Formula One's governing body has suggested teams should fund a dedicated group of forensic accountants to police spending restrictions being introduced next season.
Representatives of the 11 teams were meeting with the governing International Automobile Federation (FIA) in Paris on Thursday to put flesh on the bones of a proposed budget cap.
The FIA has warned already that failure to agree limits on expenditure would lead to more draconian measures, including severe restrictions on the use of wind tunnels.
However, FIA president Max Mosley told reporters in London this week that the teams, some with estimated budgets in excess of 400 million euros ($594.8 million), were broadly in favour of a cap as a means of cutting costs.
He suggested each team might contribute two million euros to pay for a task force of about 30 financial experts who could inspect accounts and ensure the rules were being respected.
"If you are going, let's say, from (a budget of) 200 million euros down to 100 million, then even if you spent two million euros a team you are still saving 98," said Mosley. "For that kind of money, you can really check.
"The experience with McLaren and Ferrari taught us that if you deploy the resources and you get sufficient expertise, you can find almost anything," he added.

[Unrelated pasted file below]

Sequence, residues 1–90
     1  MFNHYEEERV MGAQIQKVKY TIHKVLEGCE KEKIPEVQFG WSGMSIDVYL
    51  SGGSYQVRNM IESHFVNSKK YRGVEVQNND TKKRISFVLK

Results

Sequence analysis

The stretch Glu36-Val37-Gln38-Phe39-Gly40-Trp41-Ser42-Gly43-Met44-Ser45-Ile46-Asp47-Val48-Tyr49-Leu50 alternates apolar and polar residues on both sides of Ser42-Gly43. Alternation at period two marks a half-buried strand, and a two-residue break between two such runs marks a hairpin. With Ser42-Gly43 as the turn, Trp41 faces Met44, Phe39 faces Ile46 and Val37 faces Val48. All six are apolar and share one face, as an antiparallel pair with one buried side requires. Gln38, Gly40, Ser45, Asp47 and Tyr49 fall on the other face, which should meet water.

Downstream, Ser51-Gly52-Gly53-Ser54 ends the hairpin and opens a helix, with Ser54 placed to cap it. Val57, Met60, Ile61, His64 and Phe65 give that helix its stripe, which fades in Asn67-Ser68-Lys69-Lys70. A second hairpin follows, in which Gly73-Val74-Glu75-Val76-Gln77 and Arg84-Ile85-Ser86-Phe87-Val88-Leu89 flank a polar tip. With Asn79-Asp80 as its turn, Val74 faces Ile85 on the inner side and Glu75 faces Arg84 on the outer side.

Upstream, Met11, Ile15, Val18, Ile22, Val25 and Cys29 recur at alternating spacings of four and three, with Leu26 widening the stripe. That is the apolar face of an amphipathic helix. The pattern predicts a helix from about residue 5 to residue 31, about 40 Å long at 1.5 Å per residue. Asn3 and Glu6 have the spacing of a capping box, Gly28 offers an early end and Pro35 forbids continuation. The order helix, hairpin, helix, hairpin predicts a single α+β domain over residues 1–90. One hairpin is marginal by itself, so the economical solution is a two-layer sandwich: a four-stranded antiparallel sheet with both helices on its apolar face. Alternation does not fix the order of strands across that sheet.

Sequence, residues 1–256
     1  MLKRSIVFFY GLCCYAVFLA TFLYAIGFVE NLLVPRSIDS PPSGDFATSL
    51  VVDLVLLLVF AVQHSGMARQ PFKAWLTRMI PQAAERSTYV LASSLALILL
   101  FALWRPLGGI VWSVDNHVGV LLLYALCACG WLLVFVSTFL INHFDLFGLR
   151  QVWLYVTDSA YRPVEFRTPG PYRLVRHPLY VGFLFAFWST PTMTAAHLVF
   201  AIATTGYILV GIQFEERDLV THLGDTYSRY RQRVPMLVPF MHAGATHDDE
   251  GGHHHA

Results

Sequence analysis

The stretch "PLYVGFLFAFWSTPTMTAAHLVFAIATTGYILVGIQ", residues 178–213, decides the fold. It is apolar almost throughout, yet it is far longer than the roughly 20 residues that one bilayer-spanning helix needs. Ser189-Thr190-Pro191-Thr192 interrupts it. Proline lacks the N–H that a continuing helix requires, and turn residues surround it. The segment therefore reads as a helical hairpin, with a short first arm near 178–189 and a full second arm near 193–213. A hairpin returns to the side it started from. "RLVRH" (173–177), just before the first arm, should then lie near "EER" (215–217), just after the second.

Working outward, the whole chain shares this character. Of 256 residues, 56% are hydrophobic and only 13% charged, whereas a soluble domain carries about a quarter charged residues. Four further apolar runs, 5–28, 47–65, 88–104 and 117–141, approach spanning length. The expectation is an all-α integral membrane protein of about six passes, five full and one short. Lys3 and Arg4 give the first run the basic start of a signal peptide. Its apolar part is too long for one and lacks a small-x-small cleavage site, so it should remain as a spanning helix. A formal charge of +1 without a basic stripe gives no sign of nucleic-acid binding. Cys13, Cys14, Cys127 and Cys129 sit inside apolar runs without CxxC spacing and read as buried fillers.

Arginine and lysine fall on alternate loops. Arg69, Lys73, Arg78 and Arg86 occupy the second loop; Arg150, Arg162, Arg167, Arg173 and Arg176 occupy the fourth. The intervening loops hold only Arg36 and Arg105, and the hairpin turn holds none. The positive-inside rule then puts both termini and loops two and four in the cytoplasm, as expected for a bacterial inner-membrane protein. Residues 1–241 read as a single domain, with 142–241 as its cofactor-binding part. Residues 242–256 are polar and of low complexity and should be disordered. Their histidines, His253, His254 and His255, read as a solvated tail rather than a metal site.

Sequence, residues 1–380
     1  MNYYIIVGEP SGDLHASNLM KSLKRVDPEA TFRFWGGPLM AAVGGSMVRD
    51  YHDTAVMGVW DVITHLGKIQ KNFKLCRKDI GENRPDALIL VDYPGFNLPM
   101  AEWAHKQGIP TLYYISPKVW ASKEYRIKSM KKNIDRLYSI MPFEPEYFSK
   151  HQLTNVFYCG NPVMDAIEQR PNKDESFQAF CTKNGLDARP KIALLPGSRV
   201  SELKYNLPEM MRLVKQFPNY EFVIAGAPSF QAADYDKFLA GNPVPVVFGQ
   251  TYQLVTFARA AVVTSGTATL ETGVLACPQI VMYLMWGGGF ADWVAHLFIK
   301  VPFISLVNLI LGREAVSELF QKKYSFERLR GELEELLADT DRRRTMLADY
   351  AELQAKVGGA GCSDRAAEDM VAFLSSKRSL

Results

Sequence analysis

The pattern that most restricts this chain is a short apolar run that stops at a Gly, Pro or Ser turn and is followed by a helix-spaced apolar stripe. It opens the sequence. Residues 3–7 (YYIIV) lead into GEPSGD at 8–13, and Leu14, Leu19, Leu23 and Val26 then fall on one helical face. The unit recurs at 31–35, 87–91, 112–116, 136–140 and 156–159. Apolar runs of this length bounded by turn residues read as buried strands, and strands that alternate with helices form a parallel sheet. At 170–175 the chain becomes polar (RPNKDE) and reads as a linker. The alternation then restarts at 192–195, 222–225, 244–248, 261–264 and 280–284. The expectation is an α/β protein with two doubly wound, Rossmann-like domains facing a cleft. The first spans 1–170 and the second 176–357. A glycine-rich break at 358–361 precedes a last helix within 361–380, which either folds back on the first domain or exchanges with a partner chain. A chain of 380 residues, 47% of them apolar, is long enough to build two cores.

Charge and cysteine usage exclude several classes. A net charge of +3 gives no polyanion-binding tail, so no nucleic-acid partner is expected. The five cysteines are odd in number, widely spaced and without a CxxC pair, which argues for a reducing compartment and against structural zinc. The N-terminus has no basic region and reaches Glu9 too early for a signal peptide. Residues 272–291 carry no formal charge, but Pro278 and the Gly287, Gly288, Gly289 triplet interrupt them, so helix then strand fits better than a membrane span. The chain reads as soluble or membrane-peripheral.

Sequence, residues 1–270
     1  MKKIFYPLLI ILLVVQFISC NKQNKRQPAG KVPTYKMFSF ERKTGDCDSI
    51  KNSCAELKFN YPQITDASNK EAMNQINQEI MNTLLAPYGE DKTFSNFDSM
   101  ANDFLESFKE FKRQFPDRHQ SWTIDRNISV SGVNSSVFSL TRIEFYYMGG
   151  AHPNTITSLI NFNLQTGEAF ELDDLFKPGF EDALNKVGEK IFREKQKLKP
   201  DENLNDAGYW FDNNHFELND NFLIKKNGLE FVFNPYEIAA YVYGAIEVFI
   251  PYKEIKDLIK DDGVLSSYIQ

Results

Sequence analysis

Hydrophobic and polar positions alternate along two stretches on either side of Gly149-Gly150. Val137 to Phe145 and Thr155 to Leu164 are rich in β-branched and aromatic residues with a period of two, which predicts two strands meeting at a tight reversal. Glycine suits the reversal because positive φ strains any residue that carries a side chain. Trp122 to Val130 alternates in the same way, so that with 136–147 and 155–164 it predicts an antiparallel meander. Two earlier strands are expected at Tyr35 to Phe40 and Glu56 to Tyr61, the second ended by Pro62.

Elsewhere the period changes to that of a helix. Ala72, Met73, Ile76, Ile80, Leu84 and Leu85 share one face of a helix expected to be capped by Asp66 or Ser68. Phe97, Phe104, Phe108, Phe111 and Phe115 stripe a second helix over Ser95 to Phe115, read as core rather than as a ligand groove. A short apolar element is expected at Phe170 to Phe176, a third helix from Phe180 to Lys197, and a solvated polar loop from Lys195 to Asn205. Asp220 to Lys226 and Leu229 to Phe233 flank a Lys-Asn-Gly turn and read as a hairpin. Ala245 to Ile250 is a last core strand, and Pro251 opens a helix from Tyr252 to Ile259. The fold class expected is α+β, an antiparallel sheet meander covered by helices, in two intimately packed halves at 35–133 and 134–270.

"And the chances of somebody being able to do work that we couldn't find traces of start to be very small."
McLaren were embroiled in a spying controversy with Ferrari last year, with the FIA sending experts into the Mercedes-powered team's Woking factory to trawl through their computer systems.
McLaren were subsequently fined $100 million and stripped of all their constructors' points for the season.
Mosley said Thursday's meeting was to discuss 'generalities' before going into more detail at a later date. He recognised that there would be a wide divergence of opinion.
As a senior figure at one of the independent teams told Reuters, two million euros might be small change to the likes of McLaren, Ferrari or Toyota but it remained a considerable amount for others.
"We hope to produce a rule by June but we may run into problems that we haven't foreseen," said Mosley of the cap. "But for the moment most of the accountants we talk to say it must be possible."
"We mustn't do it too dramatically...that is very much the topic of discussion between teams," he added.
"Obviously, you've got to pitch it on the high side to begin with and then bring it down."
Mosley has long campaigned to slash costs and help level the playing field for smaller teams and he said the budget cap would reward those who spent their money intelligently.
"An engineer is somebody who can do for one dollar what any idiot can do for 100 dollars," he said. "That's very much the spirit of the thing."